Goshen County wildlife, Uncategorized, wildlife, Wildlife Management, writing


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Yesterday I was equal parts wildlife biologist and weirdo redneck, because I got out of the car and stood on the county road to look at a road-killed critter.  And take photos.  With my 3-year old daughter holding my hand.

“It looks like a great big mouse, Mama,” she told me as we stared at the inert form.

Wyokiddo and I were inspecting an opossum, which until this summer, I did not know lived in my home state of Wyoming.  This was a Virginia opossum, the only marsupial found in the United States and Canada.

It did indeed look like a big cuddly, if dead, mouse.  The poor animal had probably been following the ditch, hunting for food when it popped up on the road and got hit by a car.

Opossums aren’t common in Wyoming.  We are on the fringe of their territory, but they are common in the eastern and southern half of the country.  They can be found in Canada and Mexico, too.  There are more than 60 different species of opossum.

The curly-haired wildlife lover next to me was fascinated by the opossum’s long sharp claws and the cross-hatching on it’s hairless tail.  She stood there studying it for several minutes, proclaiming it’s fur looked soft and warm.  It’s claws were long and sharp, she informed me, but not as long as those of the badger her Daddy caught this summer.  She also thought the opossum’s teeth would probably hurt if it bit us.  I thought those were pretty good observations for a preschooler!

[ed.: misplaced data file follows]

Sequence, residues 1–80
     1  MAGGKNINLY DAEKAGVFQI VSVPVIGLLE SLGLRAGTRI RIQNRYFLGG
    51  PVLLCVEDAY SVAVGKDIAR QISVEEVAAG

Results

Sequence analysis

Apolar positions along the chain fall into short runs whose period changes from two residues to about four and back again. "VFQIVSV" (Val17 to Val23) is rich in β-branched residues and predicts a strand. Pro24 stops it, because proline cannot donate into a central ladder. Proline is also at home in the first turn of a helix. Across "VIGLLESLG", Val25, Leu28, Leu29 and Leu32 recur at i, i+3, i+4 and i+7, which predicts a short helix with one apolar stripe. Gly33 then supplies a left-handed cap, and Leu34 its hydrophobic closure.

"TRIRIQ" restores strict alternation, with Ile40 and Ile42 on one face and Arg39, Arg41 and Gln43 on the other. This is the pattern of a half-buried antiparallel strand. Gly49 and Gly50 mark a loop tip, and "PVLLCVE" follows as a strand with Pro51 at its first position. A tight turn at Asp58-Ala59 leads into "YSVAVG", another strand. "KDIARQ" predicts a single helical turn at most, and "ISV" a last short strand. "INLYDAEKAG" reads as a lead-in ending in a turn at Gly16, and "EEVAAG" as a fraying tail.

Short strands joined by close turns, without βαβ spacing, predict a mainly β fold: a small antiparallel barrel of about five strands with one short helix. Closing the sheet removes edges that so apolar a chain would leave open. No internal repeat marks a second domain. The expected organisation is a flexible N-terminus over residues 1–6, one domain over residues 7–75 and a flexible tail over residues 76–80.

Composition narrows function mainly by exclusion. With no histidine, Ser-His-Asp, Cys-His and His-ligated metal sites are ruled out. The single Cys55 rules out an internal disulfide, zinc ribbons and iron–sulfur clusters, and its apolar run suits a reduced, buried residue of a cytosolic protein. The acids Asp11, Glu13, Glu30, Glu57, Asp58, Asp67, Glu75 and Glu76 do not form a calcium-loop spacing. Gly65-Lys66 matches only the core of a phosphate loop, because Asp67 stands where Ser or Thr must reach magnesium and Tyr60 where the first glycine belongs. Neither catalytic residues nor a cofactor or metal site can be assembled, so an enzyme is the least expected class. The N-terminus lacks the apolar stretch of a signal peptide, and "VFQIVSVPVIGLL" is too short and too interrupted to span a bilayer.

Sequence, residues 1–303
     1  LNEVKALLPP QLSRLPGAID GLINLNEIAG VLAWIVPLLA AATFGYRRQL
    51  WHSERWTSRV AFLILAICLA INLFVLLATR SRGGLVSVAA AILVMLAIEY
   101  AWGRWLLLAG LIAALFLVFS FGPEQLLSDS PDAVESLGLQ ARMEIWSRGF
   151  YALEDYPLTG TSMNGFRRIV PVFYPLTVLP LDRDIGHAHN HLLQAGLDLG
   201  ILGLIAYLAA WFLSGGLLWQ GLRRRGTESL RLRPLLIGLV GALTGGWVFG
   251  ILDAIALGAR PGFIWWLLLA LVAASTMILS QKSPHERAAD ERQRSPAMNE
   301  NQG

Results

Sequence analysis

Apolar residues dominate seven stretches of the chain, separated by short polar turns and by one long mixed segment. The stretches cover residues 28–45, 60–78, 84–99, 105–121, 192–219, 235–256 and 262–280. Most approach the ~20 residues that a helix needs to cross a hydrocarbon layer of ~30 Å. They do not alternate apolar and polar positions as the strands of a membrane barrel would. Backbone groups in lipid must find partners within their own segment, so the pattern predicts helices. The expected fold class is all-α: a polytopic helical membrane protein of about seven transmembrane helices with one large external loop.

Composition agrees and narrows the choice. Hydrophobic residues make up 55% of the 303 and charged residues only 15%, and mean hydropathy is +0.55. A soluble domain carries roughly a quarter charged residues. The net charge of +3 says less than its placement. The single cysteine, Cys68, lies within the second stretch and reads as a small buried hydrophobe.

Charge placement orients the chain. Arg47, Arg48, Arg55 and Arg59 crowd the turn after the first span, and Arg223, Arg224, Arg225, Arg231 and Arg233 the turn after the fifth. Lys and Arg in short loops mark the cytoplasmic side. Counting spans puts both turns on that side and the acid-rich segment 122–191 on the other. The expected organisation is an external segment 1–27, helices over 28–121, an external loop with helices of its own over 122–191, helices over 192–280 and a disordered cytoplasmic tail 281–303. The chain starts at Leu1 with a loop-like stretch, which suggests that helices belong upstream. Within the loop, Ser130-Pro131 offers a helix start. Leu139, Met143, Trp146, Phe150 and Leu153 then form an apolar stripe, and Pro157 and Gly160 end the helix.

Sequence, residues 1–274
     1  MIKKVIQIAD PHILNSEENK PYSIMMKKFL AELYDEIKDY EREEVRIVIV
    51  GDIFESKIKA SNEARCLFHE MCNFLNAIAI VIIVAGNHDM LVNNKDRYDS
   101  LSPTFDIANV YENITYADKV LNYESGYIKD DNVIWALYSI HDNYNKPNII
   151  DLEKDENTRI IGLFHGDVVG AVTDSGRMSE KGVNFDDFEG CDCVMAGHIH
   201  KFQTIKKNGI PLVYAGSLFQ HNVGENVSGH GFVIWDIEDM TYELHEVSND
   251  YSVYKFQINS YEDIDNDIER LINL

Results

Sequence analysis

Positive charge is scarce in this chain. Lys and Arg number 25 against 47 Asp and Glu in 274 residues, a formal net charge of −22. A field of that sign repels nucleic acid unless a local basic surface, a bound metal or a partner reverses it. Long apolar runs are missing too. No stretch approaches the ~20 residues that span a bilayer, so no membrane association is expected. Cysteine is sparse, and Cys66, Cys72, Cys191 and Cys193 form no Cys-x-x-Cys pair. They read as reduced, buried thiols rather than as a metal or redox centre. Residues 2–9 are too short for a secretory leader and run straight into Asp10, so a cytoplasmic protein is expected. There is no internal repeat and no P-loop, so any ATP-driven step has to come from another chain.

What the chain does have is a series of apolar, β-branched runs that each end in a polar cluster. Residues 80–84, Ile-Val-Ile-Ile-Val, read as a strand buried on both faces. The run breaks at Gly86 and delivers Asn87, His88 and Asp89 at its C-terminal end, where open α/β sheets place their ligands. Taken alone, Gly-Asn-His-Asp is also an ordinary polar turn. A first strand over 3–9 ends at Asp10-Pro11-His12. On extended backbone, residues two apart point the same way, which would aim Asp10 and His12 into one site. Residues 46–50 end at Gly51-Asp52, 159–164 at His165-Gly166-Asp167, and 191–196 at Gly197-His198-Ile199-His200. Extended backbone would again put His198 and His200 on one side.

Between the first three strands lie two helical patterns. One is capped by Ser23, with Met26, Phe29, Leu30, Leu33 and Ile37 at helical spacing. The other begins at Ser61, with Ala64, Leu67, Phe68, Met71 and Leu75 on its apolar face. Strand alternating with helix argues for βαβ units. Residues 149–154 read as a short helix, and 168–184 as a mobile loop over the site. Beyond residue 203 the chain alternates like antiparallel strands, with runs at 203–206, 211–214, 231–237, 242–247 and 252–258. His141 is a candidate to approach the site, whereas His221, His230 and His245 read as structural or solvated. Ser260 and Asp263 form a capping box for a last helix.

When we got home, Wyokiddo insisted we look up photos of living possums.  Thanks to our good friend Google, we found out that in addition to being long and sharp, the opossum’s teeth are a plenty.  Each one has 50 teeth, more than any other North American land mammal. Their tails are prehensile and are used for grasping branches, balancing and carrying nesting material.  Cartoons and drawings often show the opossum hanging from a tree by its tail, but this is apparently just a common misconception.  But they do have opposable “thumbs” on their hind feet for holding onto branches.

I also learned they have two lateral vaginas with separate uteri, as do other female marsupials.  Insert your own PMS jokes here.

I think it’s cool that we live in a place with a new-to-me species.  Hopefully, one day Wyokiddo and I will have the chance to see one live on-the-claw, instead of dead on the road.



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